The Cowboy and the Indians (1949) Cover Hi-ya, ye-ye-ye. Hi-ya, ye-ye-ye. Hi-ya, ye-ye-ye. Stop.  How, pale face! Me am reviewer now. Me will type review for you in fairly broken English. Example of that can be seen in follow 69 minute movie made in 1949. It Directed by: John English; and Starred: Gene Autry, Sheila Ryan, with Frank Richards. Me go now. Me have casino to run.

The Cowboy and the Indians (1949)

Hi, Doc (Sheila Ryan)! Do you remember me? I'm Gene Autry (Gene Autry). We met the other day when I asked you to help out that sick old lady who was dying of starvation. Anyway, one of the main reasons I've come to your school, this evening, is to discuss with you how our fellow Americans are mistreating our native brethren.

Well, as I'm sure you already know, recently I've come to the realization that there are two types of 'white folk' living within the vicinity. On the one hand there are people like us who will try their best to educate and defend this rustic race. Where as on the other hand there's a fairly devilish contingent -- like 'Smiley' Martin (Frank Richards) and his cronies, for instance -- who will do their worst to swindle, scam, and basically steal from the Indian's whenever they see fit.

So what should we do about it, Doc? Have a song and dance and hope for the best? Or what about if I trick your pupils into getting flu jabs?

But then again, that's most probably why what next transpires becomes timorously action-packed, when we hear the dreadful news that Lakohna (Jay Silverheels) has been accused of killing one of his own. As a sheriff completely loses the plot - a singing cowboy is a pretty good shot - a bad-guy's aim isn't very quick - and at the end of the day, look out folks, for here comes old Saint Nick!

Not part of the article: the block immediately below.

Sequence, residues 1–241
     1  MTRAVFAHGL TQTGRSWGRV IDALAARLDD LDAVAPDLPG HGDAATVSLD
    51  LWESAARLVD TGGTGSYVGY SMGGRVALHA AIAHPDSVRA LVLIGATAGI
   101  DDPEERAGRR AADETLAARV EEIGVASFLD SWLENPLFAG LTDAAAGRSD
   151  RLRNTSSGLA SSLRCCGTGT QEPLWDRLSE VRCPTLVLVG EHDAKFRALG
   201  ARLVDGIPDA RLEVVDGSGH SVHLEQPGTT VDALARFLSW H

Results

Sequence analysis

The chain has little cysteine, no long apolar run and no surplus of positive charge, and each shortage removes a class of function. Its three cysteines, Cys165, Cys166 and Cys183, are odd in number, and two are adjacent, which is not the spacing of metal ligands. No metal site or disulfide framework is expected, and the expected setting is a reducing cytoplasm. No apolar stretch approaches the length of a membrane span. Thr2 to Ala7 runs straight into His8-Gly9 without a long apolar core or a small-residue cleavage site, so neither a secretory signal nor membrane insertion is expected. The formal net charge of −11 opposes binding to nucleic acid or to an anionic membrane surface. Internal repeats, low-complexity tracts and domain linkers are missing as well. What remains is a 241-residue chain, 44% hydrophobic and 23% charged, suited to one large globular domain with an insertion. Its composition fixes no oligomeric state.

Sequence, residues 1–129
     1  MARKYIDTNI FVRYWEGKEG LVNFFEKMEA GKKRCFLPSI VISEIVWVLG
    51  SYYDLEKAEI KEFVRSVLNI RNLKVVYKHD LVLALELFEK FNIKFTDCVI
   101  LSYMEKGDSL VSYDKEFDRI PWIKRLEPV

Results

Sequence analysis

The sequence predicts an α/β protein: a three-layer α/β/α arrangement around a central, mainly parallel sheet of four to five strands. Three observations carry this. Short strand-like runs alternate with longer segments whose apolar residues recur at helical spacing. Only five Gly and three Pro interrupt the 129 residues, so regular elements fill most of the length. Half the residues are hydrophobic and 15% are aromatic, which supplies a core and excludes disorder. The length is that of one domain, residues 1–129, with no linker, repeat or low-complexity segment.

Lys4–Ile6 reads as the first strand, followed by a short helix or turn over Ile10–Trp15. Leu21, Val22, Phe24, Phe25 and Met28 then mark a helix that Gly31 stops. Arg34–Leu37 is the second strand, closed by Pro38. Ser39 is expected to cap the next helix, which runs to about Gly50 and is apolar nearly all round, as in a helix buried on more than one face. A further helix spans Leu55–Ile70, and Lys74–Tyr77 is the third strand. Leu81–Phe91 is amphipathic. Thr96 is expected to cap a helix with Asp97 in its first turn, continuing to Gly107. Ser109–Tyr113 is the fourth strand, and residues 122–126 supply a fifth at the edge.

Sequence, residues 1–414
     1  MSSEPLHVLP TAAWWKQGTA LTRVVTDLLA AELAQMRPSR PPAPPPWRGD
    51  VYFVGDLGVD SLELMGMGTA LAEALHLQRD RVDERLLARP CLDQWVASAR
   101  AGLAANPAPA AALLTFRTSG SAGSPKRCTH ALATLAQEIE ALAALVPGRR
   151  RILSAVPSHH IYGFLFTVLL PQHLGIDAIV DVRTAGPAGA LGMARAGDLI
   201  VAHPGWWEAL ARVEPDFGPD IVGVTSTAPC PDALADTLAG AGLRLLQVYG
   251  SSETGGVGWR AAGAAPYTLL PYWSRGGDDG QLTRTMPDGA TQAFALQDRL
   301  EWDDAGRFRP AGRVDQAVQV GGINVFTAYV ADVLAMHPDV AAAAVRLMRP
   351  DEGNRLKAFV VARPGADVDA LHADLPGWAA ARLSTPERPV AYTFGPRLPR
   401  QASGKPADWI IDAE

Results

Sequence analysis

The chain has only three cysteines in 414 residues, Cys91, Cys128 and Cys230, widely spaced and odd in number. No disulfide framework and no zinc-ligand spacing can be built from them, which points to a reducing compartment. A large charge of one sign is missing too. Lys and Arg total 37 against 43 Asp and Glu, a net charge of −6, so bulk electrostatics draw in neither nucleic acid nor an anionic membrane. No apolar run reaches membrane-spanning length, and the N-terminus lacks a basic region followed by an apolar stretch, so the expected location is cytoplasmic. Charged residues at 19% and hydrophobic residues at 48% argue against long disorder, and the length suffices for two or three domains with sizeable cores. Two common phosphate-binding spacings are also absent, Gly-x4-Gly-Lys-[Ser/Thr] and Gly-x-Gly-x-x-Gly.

Essentially 'The Cowboy and the Indians' is a message movie that conveys how certain American people have mistreated their Native American counterparts. Of course, this being a Gene Autry movie too, it does so in a very no-nonsense yet charming manner. As it sets up scenes, adds a couple of tunes, and then tells a fairly mumbled tale which I'd say can easily be divisible by two.

The Cowboy and the Indians (1949) Starring Gene Autry
Well, whilst the first half of this adventure defines who were the good guys and who were the bad guys, the second half concentrates on a fairly long and drawn out 'hunter / hunted' type scenario.

Personally speaking, I much rather preferred watching the first half, myself. From my point of view the actual story-line -- even though comparatively jumbled in tone -- had a very warming and congenial manner of setting things up whilst conveying character and pathos. Heck, one of my most favorite scenes in this entire film was when Gene tricked the school children to be vaccinated, despite it not being an integral part of the overall premise.

Also, I best mention that I loved hearing Gene singing his country and western songs. OK. I know this type of tune is an acquired taste, folks. But my God, I'd go so far as to say that his singing ability far outshines his acting ability.